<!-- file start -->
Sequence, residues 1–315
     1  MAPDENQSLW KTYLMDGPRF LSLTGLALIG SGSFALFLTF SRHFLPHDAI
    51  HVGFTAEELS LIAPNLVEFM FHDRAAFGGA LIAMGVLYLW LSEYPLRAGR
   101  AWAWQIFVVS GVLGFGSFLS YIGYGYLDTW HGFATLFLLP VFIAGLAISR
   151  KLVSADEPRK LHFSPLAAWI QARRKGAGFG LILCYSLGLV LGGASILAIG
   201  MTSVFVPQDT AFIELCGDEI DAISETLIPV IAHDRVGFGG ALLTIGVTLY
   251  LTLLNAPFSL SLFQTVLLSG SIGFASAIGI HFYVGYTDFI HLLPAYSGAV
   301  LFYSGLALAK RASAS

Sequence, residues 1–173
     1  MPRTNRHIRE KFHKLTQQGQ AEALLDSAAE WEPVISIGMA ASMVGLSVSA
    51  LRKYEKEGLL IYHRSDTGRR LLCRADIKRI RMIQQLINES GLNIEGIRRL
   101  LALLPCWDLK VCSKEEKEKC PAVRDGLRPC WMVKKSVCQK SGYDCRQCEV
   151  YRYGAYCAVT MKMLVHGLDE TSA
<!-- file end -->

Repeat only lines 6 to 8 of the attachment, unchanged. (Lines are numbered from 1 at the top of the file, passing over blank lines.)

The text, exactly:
   201  MTSVFVPQDT AFIELCGDEI DAISETLIPV IAHDRVGFGG ALLTIGVTLY
   251  LTLLNAPFSL SLFQTVLLSG SIGFASAIGI HFYVGYTDFI HLLPAYSGAV
   301  LFYSGLALAK RASAS